Big and New: 5 good things you didn’t have last year

A new school year deserves more than the same old stuff, and for the 2014-2015 year (which begins Monday, by the way) LCPS has on its calendar a quintet of improvements that are not only new, but big and new. These changes affect large segments, if not all, of our student population and, taken together, constitute a major step toward preparing all students for success in college, in the military or in the workforce.

Here are five developments that are changing public education in Lenoir County:

iLCPS. That’s Individualized Learning Creates Personal Success. For a couple of year, LCPS has been studying and planning for a radically new approach to the way teachers teach and students learn — a new approach that centers on the introduction of iPads into our classrooms, not just a few iPads but an iPad for every student. This year, the plan goes into action. Provided iLCPS is approved by the Lenoir County Board of Education and the Lenoir County Board of Commissioners next month, we expect to begin deploying iPads in grades K-5 by mid-November. In the meantime, we will continue doing background work in both technology and professional development for teachers and will spend a lot of time keeping parents and the general public clued in on what is coming.

Following this blog, as well as our website (, our Facebook page ( and our Twitter feed (@lcpsnc), is a great way to stay current. We’ll also be delivering information on iLCPS non-digitally via handouts and face-to-face wherever we can. (If you’re interested in having an LCPS administrator speak to your organization or civic group about the iPad initiative, call the school district’s PIO at 252-527-1109, ext. 1022.) A good place to start learning about iLCPS is this slide presentation shown to the school board last week. iLCPS Board Presentation pdf It lays out the three-year timeline for iPad deployment and explains the organizational structure in place to develop and maintain the digital infrastructure, to support teachers and provide information to the community.

No-cost meals. Last school year, LCPS made no-cost breakfast available to all students. This year, we’re adding lunch. That’s right — no student will have to pay anything for breakfast or lunch served at school. Or maybe we should say, no parent will have to pay. Of course, the “no cost” part doesn’t extend to the school system, but because LCPS meets requirements for federal reimbursements, we expect most of the cost to be covered. The rest we expect to fund from revenue generated off cafeterias’ a la carte items.

Obviously, no-cost meals are a boon for parents, but why is the program good for students and, more importantly, for academic improvement? Healthy students are better students, and being served two nutritious meals each school day makes for healthier students. Eliminating the cost of these meals for all students also eliminates the stigma associated in the past with “free” meals and should increase participation in breakfast and lunch. Besides, what school system worth its salt wouldn’t want to see its students adequately fed and assured of their self-worth.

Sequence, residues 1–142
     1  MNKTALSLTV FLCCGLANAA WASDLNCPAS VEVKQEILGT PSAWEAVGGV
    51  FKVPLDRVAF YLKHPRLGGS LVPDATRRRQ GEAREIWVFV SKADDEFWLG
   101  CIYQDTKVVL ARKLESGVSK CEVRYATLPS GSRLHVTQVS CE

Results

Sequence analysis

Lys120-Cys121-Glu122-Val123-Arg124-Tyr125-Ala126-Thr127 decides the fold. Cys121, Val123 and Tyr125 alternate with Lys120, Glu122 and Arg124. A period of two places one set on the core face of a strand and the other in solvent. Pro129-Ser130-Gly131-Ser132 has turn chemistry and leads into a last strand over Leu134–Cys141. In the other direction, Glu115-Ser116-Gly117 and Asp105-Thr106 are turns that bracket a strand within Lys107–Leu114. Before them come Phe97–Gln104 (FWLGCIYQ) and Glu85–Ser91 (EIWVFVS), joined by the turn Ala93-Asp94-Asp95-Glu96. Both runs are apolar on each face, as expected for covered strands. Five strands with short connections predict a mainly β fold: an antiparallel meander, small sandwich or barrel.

College comes to high school. One of the school district’s goals is to provide students with the opportunity to earn college credits while still in high school. Essentially, we’re expanding the model so successful at Lenoir County Early College High School; but instead of high school students going to Lenoir Community College, as they do at Early College, this year LCC instructors will also go into classrooms at our three traditional high schools.

LCPS has offered college-level classes at Kinston, North Lenoir and South Lenoir high schools for a while, but mostly they’ve been offered online. That’s a tough setting if you’re studying math or one of the sciences. This year, South Lenoir juniors and seniors have the opportunity to take pre-calculus algebra, general biology and expository writing in face-to-face classes with LCC instructors. North Lenoir has added the expository writing class, as well as automotive and machining classes taught by LCC faculty. At Kinston, LCC support has allowed the addition of several classes, including EMS, welding, masonry, automotive customization technology and sustainable agriculture.

Bringing college classes to high school campuses not only makes the instruction more available, but also eliminates the expense to students. How’s that for opportunity?

Biomedical and game design. Speaking of college and careers, our CTE Project Lead the Way program is venturing into two new areas of instruction in fields where the future is bright. For the past several years, PLTW has focused on an engineering curriculum. That will still be the case at South Lenoir. At North Lenoir, the focus is changing to biomedical, an area of emphasis at North Carolina’s community colleges and one of the fastest growing career areas in the state. Kinston High is offering a new course called Scientific and Technical Visualization and is planning next year to offer the next step in this instruction, Game Art and Design.

These are the jobs of the future, and we want our students to begin preparing for them now.

Expanded Pre-K. Each year, LCPS enrolls hundreds of kindergarteners. Unfortunately, most of them are not ready to do kindergarten work. Getting off to a slow start dramatically increases the chances they will fall farther and farther behind each year. One of the answers to that problem is better preparing kids for the K grade by enrolling more of them in Pre-K. This year, we’re expanding the Pre-K program at Banks Elementary and adding a Pre-K class at Contentnea-Savannah. We’re having to grow this program a little at a time because of the expense, but it is our hope that more Pre-K slots will open up each year.